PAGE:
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Hollywood legend Jerry Lewis has passed away at 91

Jerry Lewis, one of the zaniest, sharpest, and inspired comedic minds ever in the history of show business has passed away today. The mind behind such classics as THE NUTTY PROFESSOR and THE LADIES MAN was 91 years old, had passed away at his home in Las Vegas, according to the Las Vegas Review-Journal.

Born Joseph Levitch in 1946 in Newark, New Jersey, Lewis’ career in show business goes back over 70 years, when in 1946 – at age 20 – Lewis formed a comedy team with singer Dean Martin, and the two were an instant sensation. During a time when comedy programs focused heavily on skits and performance material, Martin & Lewis succeeded on their own one-on-one chemistry, earning raves for their on-stage relationship and banter.

The two would take over the nightclub scene, eventually performing on TOAST OF THE TOWN (which would later become THE ED SULLIVAN SHOW) and became regulars on the wildly successful COLGATE COMEDY HOUR. They eventually branched into movies, starring opposite each other in hits like MY FRIEND IRMA, THAT’S MY BOY, THE STOOGE, THE CADDY and finally HOLLYWOOD OR BUST. The two developed a rift when Martin became frustrated with Lewis popularity, and the two performed their last show together in 1956. They would make several public appearances together through the years but didn’t appear on-stage together until 1976 during a Muscular Dystrophy telethon, a reunion arranged by Frank Sinatra.

Lewis’ star keeping shining after the split of Martin & Lewis, as he would go on to a massive solo film career starting with several films in the late 50s like THE SAD SACK and THE GEISHA BOY. He would begin his path to true auteur status in 1960, writing, directing and starring in THE BELLBOY, and would do the same three years later with his biggest hit, THE NUTTY PROFESSOR, which was remade 30 years later with Eddie Murphy. He would act and star in films all the way into the 2000s, and along the way would even nab a role in the Martin Scorsese film THE KING OF COMEDY alongside Robert De Niro.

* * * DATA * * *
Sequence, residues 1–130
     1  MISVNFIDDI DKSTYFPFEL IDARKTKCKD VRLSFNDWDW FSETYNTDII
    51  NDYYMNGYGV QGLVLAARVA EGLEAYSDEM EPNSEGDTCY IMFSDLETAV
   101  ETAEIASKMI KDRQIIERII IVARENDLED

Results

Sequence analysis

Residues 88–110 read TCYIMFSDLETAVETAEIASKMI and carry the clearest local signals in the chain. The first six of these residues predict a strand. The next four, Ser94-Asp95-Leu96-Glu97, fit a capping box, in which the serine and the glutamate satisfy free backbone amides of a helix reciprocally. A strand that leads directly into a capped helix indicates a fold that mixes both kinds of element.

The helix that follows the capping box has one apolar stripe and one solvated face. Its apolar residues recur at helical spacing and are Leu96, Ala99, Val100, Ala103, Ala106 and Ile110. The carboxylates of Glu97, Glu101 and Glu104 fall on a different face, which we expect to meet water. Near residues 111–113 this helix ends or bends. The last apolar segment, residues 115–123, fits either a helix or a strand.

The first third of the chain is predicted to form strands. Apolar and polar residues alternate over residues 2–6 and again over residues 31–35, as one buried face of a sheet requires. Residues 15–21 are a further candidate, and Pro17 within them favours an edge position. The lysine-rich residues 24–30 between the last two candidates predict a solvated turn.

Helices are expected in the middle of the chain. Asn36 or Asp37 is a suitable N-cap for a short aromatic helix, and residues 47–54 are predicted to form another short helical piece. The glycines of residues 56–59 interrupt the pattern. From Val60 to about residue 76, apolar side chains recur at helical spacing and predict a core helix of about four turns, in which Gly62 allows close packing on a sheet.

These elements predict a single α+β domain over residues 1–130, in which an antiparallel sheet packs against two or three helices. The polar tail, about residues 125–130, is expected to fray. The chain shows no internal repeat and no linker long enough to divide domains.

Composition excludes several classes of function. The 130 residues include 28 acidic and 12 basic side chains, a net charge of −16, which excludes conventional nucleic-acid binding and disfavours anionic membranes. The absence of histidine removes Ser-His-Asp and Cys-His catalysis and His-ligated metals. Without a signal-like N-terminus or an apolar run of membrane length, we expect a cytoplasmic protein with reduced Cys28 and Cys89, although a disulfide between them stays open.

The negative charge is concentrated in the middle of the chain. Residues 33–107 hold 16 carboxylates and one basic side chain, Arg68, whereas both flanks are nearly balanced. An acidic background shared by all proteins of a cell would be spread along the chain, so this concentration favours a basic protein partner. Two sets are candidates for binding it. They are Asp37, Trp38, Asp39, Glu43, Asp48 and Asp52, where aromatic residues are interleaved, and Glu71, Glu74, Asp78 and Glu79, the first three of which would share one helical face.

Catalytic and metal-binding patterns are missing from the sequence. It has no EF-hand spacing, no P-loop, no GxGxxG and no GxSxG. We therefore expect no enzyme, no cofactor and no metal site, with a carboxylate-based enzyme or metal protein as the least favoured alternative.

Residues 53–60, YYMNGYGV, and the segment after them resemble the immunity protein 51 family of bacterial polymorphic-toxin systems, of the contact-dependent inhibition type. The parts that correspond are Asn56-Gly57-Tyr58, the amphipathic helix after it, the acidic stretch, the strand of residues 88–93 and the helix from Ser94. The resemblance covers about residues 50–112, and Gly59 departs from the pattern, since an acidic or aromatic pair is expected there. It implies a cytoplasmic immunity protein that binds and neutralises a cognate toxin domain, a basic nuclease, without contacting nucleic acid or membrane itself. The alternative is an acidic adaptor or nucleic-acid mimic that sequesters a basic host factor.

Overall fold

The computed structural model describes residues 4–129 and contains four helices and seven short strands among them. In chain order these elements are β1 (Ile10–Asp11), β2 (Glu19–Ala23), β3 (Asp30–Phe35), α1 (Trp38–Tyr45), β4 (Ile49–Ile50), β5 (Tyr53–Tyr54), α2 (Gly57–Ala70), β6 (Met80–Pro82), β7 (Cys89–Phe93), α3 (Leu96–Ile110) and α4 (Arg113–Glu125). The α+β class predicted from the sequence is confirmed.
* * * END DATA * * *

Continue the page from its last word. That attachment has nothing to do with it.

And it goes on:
Lewis would continue to write and direct films for decades, and later found another calling as a spokesperson, and later chairman, of the Muscular Dystrophy Association. Having hosted benefits to raise money for the association since the early 50s, Lewis began a series of telethons (known as the Jerry Lewis MDA Telethon) that ran every Labor Day starting in 1966 and all the way until 2010. The telethons raised over $2.5 billion over the decades, until the telethon was discontinued in 2011 and Lewis became disassociated with the organization.

In 2009 he was given the Jean Hersholt Humanitarian Award at the Oscars, and in recent years Lewis had slowed down, having only been featured in a few films. He recently had his most high-profile role in years in the movie MAX ROSE as a man who just lost his wife and goes on a quest of discovery.

I wasn’t familiar with Lewis’ film and TV work until later years, but I can’t ever remember a time in my life when I didn’t know his name and at least one thing he was famous for. Whether it was being a TV icon, being in movies, for the telethons, the man’s work and personality transcended reality and became an immortal part of the zeitgeist. Few people worked so hard for so long in this business, and for that alone, he deserves recognition as one of the Hollywood greats. But, in the end, he was just a hilarious guy who loved making people laugh and bringing happiness to the world, and nobody did it quite like him.

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